contractual language evidencing intent to be bound); Maine State Employees
Ass'n, SEIU Local 1989 v. Bureau of Employee Relations, 652 A.2d 654, 655
(Me. 1995) (trial court could not compel arbitration because contract
between the parties, which contained arbitration provision, had expired and
Uniform Arbitration Act requires existence of written arbitration
agreement).  The agreement to arbitrate must take the form of a single
signed document or be contained in writings exchanged between the
parties.  Nisbet, 432 A.2d at 782 (attorney could not compel client to
participate in fee arbitration because parties had not signed an agreement to
arbitrate any controversies arising between them). 
	[¶5]  The record in this case reveals no agreement to arbitrate
between Roosa and Tillotson.  The arbitration clause at issue in the case is
located in a personal contract between two sisters, Sally Smith and Jayne
Tillotson.  The purpose of that contract was to resolve pending litigation and
to establish an agreed method for disposing of and distributing the
remaining assets of their father's estate.  Roosa is not a party, successor,
assignee, or signatory to that contract and therefore is not bound by its
arbitration provision.{2}  Contrary to Tillotson's contentions, the fact that
Roosa purchased Smith's interest in the York Beach property does not make
her bound by the arbitration provision of that contract.   
	[¶6]  The court's obligation to confirm an arbitrator's award arises only
if the court has first determined that there exists a binding contract for
arbitration.  Maine Cent. R.R., 395 A.2d at 1118.  An arbitration award that is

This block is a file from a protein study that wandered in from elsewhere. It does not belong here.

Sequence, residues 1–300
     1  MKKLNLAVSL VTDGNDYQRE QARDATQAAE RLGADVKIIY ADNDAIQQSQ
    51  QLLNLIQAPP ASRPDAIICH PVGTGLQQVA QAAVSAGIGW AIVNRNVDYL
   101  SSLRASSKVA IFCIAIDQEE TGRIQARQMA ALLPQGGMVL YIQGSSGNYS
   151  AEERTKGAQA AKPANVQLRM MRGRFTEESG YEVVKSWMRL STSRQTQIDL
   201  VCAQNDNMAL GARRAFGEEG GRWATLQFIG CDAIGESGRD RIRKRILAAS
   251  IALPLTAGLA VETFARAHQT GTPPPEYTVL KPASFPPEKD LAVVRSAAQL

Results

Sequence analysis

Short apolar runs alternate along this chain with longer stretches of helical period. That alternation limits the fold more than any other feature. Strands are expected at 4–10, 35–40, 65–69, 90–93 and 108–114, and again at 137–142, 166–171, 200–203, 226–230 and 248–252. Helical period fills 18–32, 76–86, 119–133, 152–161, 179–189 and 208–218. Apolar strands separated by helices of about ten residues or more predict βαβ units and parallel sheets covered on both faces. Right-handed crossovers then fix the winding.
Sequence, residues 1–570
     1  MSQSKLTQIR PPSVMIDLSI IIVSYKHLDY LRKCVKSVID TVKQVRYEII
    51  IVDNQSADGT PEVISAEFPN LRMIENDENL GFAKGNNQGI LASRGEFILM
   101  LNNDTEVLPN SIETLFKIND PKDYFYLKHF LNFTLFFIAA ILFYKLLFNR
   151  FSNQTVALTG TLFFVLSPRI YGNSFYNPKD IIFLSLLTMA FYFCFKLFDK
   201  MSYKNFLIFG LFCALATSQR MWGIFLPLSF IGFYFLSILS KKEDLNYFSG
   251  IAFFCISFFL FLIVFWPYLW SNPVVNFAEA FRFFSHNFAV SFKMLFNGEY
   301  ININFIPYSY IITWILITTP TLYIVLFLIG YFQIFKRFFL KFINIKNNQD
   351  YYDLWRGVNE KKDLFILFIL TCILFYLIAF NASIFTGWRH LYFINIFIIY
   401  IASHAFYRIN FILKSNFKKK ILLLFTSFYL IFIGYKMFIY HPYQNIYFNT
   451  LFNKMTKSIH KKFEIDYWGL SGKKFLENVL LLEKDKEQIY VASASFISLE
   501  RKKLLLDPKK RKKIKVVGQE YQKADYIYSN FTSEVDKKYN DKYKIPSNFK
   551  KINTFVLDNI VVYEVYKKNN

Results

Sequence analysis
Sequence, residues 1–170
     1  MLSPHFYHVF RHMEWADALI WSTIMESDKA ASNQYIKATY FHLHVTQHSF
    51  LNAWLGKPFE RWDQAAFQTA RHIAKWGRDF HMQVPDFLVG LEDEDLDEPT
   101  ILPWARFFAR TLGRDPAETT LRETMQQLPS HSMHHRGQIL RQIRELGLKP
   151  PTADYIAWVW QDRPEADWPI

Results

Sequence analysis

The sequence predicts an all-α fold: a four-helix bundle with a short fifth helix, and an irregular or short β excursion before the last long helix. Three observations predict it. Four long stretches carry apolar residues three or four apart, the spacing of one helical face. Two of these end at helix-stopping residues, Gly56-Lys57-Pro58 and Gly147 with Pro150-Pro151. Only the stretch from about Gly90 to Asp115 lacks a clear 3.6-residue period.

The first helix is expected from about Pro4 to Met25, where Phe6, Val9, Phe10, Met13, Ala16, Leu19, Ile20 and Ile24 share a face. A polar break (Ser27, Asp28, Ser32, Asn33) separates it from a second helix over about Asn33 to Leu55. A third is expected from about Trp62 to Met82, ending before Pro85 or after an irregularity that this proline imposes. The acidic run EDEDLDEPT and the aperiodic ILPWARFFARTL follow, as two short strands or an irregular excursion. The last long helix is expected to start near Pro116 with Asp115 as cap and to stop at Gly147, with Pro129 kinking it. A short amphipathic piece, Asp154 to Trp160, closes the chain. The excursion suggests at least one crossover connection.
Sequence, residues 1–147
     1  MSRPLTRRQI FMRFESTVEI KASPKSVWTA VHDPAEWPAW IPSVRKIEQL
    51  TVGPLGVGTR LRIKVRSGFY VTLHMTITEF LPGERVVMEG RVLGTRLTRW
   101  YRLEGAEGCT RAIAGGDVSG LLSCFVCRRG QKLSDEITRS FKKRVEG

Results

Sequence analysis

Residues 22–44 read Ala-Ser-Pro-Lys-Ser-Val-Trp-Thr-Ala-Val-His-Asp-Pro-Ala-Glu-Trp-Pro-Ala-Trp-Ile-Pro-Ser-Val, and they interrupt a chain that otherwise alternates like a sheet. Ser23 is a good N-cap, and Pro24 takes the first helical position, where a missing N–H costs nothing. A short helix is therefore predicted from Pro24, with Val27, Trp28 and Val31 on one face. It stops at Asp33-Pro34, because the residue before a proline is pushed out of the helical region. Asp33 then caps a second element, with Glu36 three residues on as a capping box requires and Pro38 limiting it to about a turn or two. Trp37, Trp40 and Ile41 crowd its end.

made beyond the arbitrator's jurisdiction is of no effect and denies the
reviewing court subject matter jurisdiction over the dispute.  Id.  Since the
arbitrator exceeded the scope of his authority, the court erred in confirming
the arbitration award.  The award should have been vacated pursuant to 14
M.R.S.A. § 5938(1)(C) & (E).
	The entry is:
Judgment vacated.  Remanded with instructions to
vacate the arbitrator's April 1996 order and award
and the June 1996 supplemental order insofar as
they pertain to Kathleen Roosa.

Attorney for plaintiff: Mark F. Weaver, Esq. Ford, Ford & Weaver, P.A. Noble's Island 500 Market Street, Suite 1B Portsmouth, NH 03801-3456 Attorneys for defendants: Robert B. Woodman, Esq. Michael J. O'Toole, Esq. Woodman & Edmands, P.A. P O Box 468 Biddeford, Maine 04005-0468
FOOTNOTES******************************** {1} 14 M.R.S.A. § 5938 (1980) provides in pertinent part: 1. Vacating award. Upon application of a party, the court shall vacate an award where: . . . C. Arbitrators exceeded their powers; . . . E. There was no arbitration agreement and the issue was not adversely determined in proceedings under section 5928 and the party did not participate in the arbitration hearing without raising an objection. {2} Further, the assignment clause of the contract states that the contract and the rights thereunder may not be assigned by either party without written consent of the other party. Neither party has consented to an assignment.